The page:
- Other Causes
Constantly breathing through the mouth (in the case of a persistently stuffy nose or blocked sinus), or hormonal changes from pregnancy or menopause can cause a dry, sticky mouth.
Possible Treatments for Dry Mouth
Treating the Root Cause
Your doctor or dentist is the best person to determine the reason behind your dry mouth and how to relieve your symptoms. For instance, if a certain medication is the cause of your dry mouth, they will adjust the dose or suggest an alternative.
Tips to Boost Saliva Production
Treatment for your dry mouth can be divided into four categories: saliva preservation, saliva substitution, saliva stimulation, and prevention of oral infection.
1. Saliva Preservation – If you have low saliva production, you must try to keep your oral tissues as moist as possible and avoid things that can dry your mouth. For example, breathe through your nose as much as possible and limit mouth inhalation. Also, avoid consumption of caffeine, alcohol, and tobacco. Use a humidifier, especially in winter, to help moisten the air. Don’t use over-the-counter antihistamines or decongestants, as these can aggravate your symptoms.
2. Saliva Substitution – Luckily, there are many home remedies to replenish the lack of saliva in your mouth. These include moistening all dry foods with broth, milk, water, or melted butter. This will make it easier for you to chew and swallow. Ensure adequate hydration by drinking at least eight to twelve glasses of water daily, unless your doctor advises against it. Always keep a water bottle handy to take a sip every now and then. A mouthwash can also help, but make sure that it doesn’t contain alcohol, as this can cause further mouth dryness. Moisturizing your lips with lip balm can also help.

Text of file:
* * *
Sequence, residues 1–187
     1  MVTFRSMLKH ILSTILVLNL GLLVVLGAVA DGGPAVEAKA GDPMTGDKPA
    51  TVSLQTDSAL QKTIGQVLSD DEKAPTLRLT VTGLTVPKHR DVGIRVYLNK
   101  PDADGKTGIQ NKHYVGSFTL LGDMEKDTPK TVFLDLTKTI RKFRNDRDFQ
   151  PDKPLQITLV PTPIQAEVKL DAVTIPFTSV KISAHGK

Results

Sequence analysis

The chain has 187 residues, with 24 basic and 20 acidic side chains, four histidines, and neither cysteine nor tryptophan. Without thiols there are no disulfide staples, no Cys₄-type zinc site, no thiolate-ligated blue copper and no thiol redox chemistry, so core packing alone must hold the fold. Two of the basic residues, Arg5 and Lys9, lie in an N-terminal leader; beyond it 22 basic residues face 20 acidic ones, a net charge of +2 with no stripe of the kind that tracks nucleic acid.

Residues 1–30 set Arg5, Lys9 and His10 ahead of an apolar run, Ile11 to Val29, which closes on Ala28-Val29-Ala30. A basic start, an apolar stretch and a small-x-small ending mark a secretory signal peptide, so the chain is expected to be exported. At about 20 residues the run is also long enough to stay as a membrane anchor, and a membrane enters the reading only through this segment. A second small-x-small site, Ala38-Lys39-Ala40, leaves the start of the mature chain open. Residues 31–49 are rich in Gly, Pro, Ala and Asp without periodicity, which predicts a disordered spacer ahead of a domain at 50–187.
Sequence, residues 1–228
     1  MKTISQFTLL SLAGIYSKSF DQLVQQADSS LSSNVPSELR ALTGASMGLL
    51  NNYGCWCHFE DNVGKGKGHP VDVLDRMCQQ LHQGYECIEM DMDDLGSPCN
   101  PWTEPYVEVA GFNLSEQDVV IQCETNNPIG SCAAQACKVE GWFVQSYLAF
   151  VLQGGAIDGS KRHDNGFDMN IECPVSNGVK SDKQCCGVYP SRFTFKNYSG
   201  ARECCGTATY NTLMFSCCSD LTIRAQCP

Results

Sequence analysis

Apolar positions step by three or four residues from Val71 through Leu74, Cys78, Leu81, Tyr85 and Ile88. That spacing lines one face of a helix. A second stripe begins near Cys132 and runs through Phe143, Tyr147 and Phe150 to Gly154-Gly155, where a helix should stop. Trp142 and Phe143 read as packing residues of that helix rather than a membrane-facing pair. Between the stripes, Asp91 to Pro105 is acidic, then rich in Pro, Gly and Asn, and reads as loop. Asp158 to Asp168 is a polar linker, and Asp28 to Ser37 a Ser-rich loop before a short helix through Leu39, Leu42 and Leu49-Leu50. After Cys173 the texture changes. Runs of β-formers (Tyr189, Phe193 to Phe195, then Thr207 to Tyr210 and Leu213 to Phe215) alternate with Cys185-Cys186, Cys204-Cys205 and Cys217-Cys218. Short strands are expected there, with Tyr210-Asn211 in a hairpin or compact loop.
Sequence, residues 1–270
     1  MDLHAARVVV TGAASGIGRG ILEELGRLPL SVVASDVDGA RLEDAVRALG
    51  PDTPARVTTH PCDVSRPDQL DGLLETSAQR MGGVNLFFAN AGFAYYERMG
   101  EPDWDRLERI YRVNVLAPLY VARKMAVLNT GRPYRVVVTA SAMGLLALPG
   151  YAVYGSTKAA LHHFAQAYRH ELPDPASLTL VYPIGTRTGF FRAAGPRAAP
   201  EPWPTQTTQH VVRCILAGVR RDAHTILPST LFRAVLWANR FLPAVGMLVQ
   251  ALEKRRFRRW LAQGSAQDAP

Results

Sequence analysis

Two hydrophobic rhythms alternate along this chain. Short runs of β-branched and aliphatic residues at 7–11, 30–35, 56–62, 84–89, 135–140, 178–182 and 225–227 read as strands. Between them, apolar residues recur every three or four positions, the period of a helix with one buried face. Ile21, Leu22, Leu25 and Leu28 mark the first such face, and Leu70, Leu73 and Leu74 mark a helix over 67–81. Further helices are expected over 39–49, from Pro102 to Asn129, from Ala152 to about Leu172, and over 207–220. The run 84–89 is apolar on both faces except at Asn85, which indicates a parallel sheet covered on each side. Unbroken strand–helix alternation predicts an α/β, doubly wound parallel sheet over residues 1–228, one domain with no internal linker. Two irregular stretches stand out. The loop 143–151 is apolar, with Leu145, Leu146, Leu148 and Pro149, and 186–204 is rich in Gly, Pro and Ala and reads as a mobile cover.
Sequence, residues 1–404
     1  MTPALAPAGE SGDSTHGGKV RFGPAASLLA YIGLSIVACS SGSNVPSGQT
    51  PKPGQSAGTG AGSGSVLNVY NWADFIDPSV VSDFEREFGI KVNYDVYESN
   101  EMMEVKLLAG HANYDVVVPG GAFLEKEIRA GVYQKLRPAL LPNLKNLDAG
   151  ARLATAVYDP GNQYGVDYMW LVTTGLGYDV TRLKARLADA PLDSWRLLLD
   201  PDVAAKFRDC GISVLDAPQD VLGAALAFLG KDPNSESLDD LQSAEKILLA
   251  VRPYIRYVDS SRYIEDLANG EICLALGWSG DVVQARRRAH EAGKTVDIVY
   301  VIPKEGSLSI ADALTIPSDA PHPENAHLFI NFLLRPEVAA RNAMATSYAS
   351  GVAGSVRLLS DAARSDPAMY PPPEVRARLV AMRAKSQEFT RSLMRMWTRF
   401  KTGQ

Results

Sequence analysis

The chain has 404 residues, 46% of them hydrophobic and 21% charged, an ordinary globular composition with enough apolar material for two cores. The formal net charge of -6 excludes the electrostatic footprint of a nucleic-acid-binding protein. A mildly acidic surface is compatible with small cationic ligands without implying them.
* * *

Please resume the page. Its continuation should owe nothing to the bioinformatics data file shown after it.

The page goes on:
3. Saliva Stimulation – Chewing sugar-free gum or hard candies can help stimulate the salivary glands. Make sure that they’re 100% sugar-free to avoid cavities, calories, and carbohydrates. There are many over-the-counter medicines like pilocarpine (Salagen) or cevimeline (Evoxac) that stimulate saliva production, but these may not be suitable for everybody. Consult your doctor before taking any medication. Some research suggests that acupuncture can also help with dry mouth.
4. Prevention of Oral Infections – Cavities, gingivitis, periodontal disease, and fungal infections are some common oral complications of dry mouth. Since a dry oral environment makes plaque control difficult, proper oral care and hygiene become a must. Follow a low sugar diet, and use fluoride toothpaste/mouth rinses to combat the effects of oral dryness on your teeth, gums, and oral tissues. Since people with dry mouth are prone to fungal infections like thrush or oral candidiasis, they require topical antifungal treatment such as mouth rinses and dissolving tablets. Your dentist is the best person to guide you on your treatment options.
Whether or not you have a dry mouth, it’s important to maintain a healthy diet and take good care of your teeth by brushing, flossing, and visiting your dentist regularly. This will not only keep dry mouth symptoms at bay but promote your overall wellbeing. If you are in the Brampton neighbourhood, book an appointment with our family dental clinic.